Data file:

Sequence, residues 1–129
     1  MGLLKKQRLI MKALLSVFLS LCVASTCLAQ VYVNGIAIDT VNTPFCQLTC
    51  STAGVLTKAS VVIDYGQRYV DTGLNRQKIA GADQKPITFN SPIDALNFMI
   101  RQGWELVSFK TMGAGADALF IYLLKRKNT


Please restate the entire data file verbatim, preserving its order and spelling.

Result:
Sequence, residues 1–129
     1  MGLLKKQRLI MKALLSVFLS LCVASTCLAQ VYVNGIAIDT VNTPFCQLTC
    51  STAGVLTKAS VVIDYGQRYV DTGLNRQKIA GADQKPITFN SPIDALNFMI
   101  RQGWELVSFK TMGAGADALF IYLLKRKNT